Ursula von der Leyen, incoming president of the European Commission, left, speaks during news conference at the European Parliament, in Strasbourg, France, on Tuesday, July 16, 2019. European Union officials drafted a plan to launch a sovereign wealth fund to invest in companies that could compete with U.S. and Chinese tech giants, according to reports in the Financial Times and Politico. The reports, citing an internal document, said EU officials have drafted a document for a “European Future F
EU drafts plan for hundred billion-dollar fund to take on US tech firms, reports say Cached Page below :
Company: cnbc, Activity: cnbc, Date: 2019-08-23  Authors: elizabeth schulze
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EU drafts plan for hundred billion-dollar fund to take on US tech firms, reports say

Ursula von der Leyen, incoming president of the European Commission, left, speaks during news conference at the European Parliament, in Strasbourg, France, on Tuesday, July 16, 2019.

European Union officials drafted a plan to launch a sovereign wealth fund to invest in companies that could compete with U.S. and Chinese tech giants, according to reports in the Financial Times and Politico.

The reports, citing an internal document, said EU officials have drafted a document for a “European Future Fund” that would invest 100 billion euros ($110 billion) in “high-potential European companies.”

The proposal would mark a drastic step from the EU to try to encourage companies within the continent to catch up with competitors from the U.S. and China. The FT said the document specifically named threats from U.S. tech giants Google, Apple, Facebook and Amazon and Chinese firms Baidu, Alibaba and Tencent.

“Europe has no such companies,” the FT quoted the document as saying. “This presents a risk to growth, jobs, and to Europe’s influence in key strategic sectors.”


Company: cnbc, Activity: cnbc, Date: 2019-08-23  Authors: elizabeth schulze
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Apple and chip stocks slide after Trump orders US companies to look for alternative to China

Semiconductor stocks and shares of Apple slid more than their peers in the tech sector on Friday, after President Donald Trump said U.S. companies should “immediately start looking for an alternative” to their operations in China. Among the chip companies, Qualcomm slid 4.7%, Nvidia lost 5.2%, Advanced Micro Devices dropped 7.4%, Micron fell roughly 4% and Broadcom slid 5.3%. Apple has felt the effects of Trump’s trade war with China more than most technology companies. Trump’s comments on Frida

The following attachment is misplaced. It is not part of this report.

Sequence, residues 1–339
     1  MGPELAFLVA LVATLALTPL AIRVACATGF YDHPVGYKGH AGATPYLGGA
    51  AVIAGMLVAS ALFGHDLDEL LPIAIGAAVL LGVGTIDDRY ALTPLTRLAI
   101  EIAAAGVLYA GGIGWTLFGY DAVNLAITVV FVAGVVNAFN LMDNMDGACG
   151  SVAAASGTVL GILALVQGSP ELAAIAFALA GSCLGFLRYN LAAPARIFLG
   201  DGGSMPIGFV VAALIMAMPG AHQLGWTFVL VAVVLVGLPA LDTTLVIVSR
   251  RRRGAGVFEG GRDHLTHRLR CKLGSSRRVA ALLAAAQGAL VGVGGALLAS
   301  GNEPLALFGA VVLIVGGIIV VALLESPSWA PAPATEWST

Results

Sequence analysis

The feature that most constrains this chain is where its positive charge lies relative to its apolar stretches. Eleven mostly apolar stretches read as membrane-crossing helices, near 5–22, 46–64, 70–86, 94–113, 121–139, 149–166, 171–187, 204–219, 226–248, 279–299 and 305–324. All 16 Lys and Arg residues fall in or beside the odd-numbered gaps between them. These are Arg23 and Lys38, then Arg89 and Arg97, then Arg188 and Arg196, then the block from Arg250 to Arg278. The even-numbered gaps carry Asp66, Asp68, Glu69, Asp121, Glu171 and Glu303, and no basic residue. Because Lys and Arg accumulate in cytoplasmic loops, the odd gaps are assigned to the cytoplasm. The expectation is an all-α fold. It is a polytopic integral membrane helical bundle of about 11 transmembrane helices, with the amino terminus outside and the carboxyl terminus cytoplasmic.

Semiconductor stocks and shares of Apple slid more than their peers in the tech sector on Friday, after President Donald Trump said U.S. companies should “immediately start looking for an alternative” to their operations in China. Among the chip companies, Qualcomm slid 4.7%, Nvidia lost 5.2%, Advanced Micro Devices dropped 7.4%, Micron fell roughly 4% and Broadcom slid 5.3%. Apple has felt the effects of Trump’s trade war with China more than most technology companies. Trump’s comments on Frida
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Company: cnbc, Activity: cnbc, Date: 2019-08-23  Authors: annie palmer
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Apple and chip stocks slide after Trump orders US companies to look for alternative to China

Semiconductor stocks and shares of Apple slid more than their peers in the tech sector on Friday, after President Donald Trump said U.S. companies should “immediately start looking for an alternative” to their operations in China.

Shares of Apple ended the day down 4.6%, while the VanEck Vectors Semiconductor ETF declined 4.1%. Among the chip companies, Qualcomm slid 4.7%, Nvidia lost 5.2%, Advanced Micro Devices dropped 7.4%, Micron fell roughly 4% and Broadcom slid 5.3%.

The tech-heavy Nasdaq was off 2.6%, while the Dow Jones Industrial Average slid 2.3% and the S&P 500 fell 2.5%.

Apple has felt the effects of Trump’s trade war with China more than most technology companies. The company conducts the majority of its manufacturing process in China and the Chinese market represents a significant portion of its sales.

Trump’s comments on Friday mark the latest fallout in the trade war between the U.S. and China.

Markets immediately began to turn lower after Trump tweeted: “Our great American companies are hereby ordered to immediately start looking for an alternative to China, including bringing … your companies HOME and making your products in the USA.”

Trump’s tweet came after China on Friday pledged to levy tariffs on $75 billion more of U.S. goods, including autos. The new tariffs followed Trump’s plan to impose duties on $300 billion worth of China’s goods by December.


Company: cnbc, Activity: cnbc, Date: 2019-08-23  Authors: annie palmer
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VMware adjusts for a ‘two trading-bloc world’ due to US-China trade war, says CEO